So, too, does freshman Maxwell Evans, a 6-foot-2 combo guard who at the very least will provide depth in the backcourt. Evans posted a strong performance during Vanderbilt’s August trip to the Virgin Islands, suggesting he may be better than his recruiting rankings imply.


Frontcourt

# Player Height Year Notes
2 Joe Toye 6'7" Jr. 6.4 ppg/2.6 rpg
4 Yanni Wetzell 6'10" Jr. sitting out 2017-18
11 Jeff Roberson 6'6" Sr. 10.8 ppg/7.0 rpg
12 Djery Baptiste 6'10" So. 1.8 ppg/1.9 rpg
15 Clevon Brown 6'8" So. 1.6 ppg/1.5 rpg
32 Matt Ryan 6'8" Jr. sitting out 2017-18
50 Ejike Obinna 6'10" Fr. #154 recruit

Jeff Roberson put up an incredible shooting performance as a sophomore. Last year, playing a larger role in Vanderbilt’s offense, the 6-foot-6 senior saw his percentages decline — to 33.9 percent from three and 46.6 percent on twos — but those numbers were still acceptable.

He also started all 35 games and led Vanderbilt with 31.7 minutes per game. Where LaChance and Fisher-Davis are the big scorers in the senior class, Roberson is the glue guy; he led Vanderbilt in rebounds and steals last year while also being its third-leading scorer.

But this year, Bryce Drew might have to play Roberson at center (essentially, to the extent that there are still positions). Vanderbilt has some rather inexperienced options inside. 6-foot-8 sophomore Clevon Brown is the most advanced of the three, and he averaged 7.6 minutes per game last year. Brown and 6-foot-10 sophomore Djery Baptiste, who averaged 7.8 minutes per game, both ended last season with 14 blocks, but Brown is closer to being an acceptable offensive player.

Baptiste managed to average 8.6 fouls per 40 minutes, which will have to come down. Those two will be joined this year by 6-foot-10 freshman Ejike Obinna, who was initially thought to be a redshirt candidate but may end up playing, both by necessity and because he’s closer to being ready to contribute than initially expected.

On the wing, 6-foot-7 junior Joe Toye is an excellent athlete but still needs to figure out just what he is. Toye shows a nice jump shot (40.4 percent from three for his career at Vanderbilt) and also shows the ability to finish at the rim, but can’t seem to put it together for a full season. And yet, Vanderbilt went 8-4 after Toye replaced Matthew Fisher-Davis in the starting lineup in February, largely due to Toye’s superior defensive ability.

Matt Ryan, a transfer from Notre Dame, and Yanni Wetzell, a transfer from Division II St. Mary’s (TX), are both sitting out this season and will be eligible in 2018-19.


Schedule

Date Opponent
11/10 Austin Peay
11/13 at Belmont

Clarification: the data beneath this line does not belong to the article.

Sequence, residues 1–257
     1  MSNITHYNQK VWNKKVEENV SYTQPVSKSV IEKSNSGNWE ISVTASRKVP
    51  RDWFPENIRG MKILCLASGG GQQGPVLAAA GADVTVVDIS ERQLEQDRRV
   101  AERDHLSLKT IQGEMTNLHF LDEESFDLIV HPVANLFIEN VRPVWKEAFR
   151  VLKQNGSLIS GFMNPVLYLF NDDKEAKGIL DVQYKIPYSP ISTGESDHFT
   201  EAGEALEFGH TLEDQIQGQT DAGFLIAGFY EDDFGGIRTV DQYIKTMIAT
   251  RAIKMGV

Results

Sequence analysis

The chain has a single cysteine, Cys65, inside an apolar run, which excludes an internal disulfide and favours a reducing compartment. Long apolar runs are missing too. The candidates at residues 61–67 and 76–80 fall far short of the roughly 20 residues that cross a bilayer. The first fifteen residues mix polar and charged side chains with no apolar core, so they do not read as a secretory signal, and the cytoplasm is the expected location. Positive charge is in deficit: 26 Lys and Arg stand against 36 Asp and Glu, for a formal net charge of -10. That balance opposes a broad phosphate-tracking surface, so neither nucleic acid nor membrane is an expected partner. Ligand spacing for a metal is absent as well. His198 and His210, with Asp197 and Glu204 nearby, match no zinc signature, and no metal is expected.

11/17 UNC Asheville
11/19 Southern Cal
11/23 vs. Virginia
11/24 NIT Season Tip-Off
11/28 Radford
12/3 Kansas State
12/6 Middle Tennessee
12/17 at Arizona State
12/20 Houston Baptist
12/22 Alcorn State
12/30 at Florida
1/2 Alabama
1/6 at South Carolina
1/9 Tennessee
1/13 Kentucky
1/16 at Mississippi State
1/20 LSU
1/23 at Tennessee
1/27 TCU
1/30 at Kentucky
2/3 at Auburn
2/7 Georgia
2/10 at Arkansas
2/14 Mississippi State
2/17 Florida
2/20 at LSU
2/24 Texas A&M
2/27 Missouri
3/3 at Ole Miss

Last year, Vanderbilt arguably made the NCAA Tournament due to a tough nonconference schedule, and Bryce Drew has scheduled that way again. The Commodores will play seven teams ranked in KenPom’s preseason Top 100 (counting the second game of the NIT Season Tip-Off, which will be against either Rhode Island or Seton Hall), along with a home game against #102 UNC Asheville and a “road” game at #128 Belmont (which is about half a mile from campus, but still).

The only real breathers are the season opener against Austin Peay and home games against Houston Baptist and Alcorn State just before Christmas.

Vanderbilt perennially has one of the toughest conference schedules thanks to two of its permanent rivals being Florida and Kentucky, and if Tennessee gets good again that will be even more brutal. At the very least, though, the other two teams this year are Mississippi State and LSU; having LSU and Tennessee on the schedule twice about balances out Kentucky and Florida.


Outlook

It’s amazing how much a coaching change can alter a fan base’s perception of a season. Had the 2016-17 season occurred on Kevin Stallings’ watch, Vanderbilt fans’ reactions would have been very negative. But in the first year under Bryce Drew, rallying to make the NCAA Tournament after a slow start was viewed positively in most quarters.

Now, the team has to move on from Luke Kornet, who was named First Team All-SEC and is now playing for the New York Knicks. While there’s no obvious replacement for Kornet, the Commodores should be pretty well-set everywhere else.

They’re likely to start three seniors (LaChance, Fisher-Davis, and Roberson), with a redshirt junior (Larry Austin Jr.) starting at the point. Vanderbilt could go small with Joe Toye as the fifth starter, or they could try one of a few young big men inside. They have three freshmen who are pretty talented, but none of the three will be forced into big roles right away unless they prove they can handle it.

That said, this season still has the feel of a transition year. Vanderbilt could have a big signing class on the way in 2018, but even with three senior starters, the team has a big question mark in the paint. That’s probably less of a problem than having question marks in the backcourt (there aren’t any), and at the very least any one of the three youngsters could provide some rim protection.

In any case, Vanderbilt projects to finish in the top half of the SEC and has NCAA Tournament upside again. Of course, we may have yet another debate about a team with a lot of losses being in the tournament conversation with this nonconference schedule.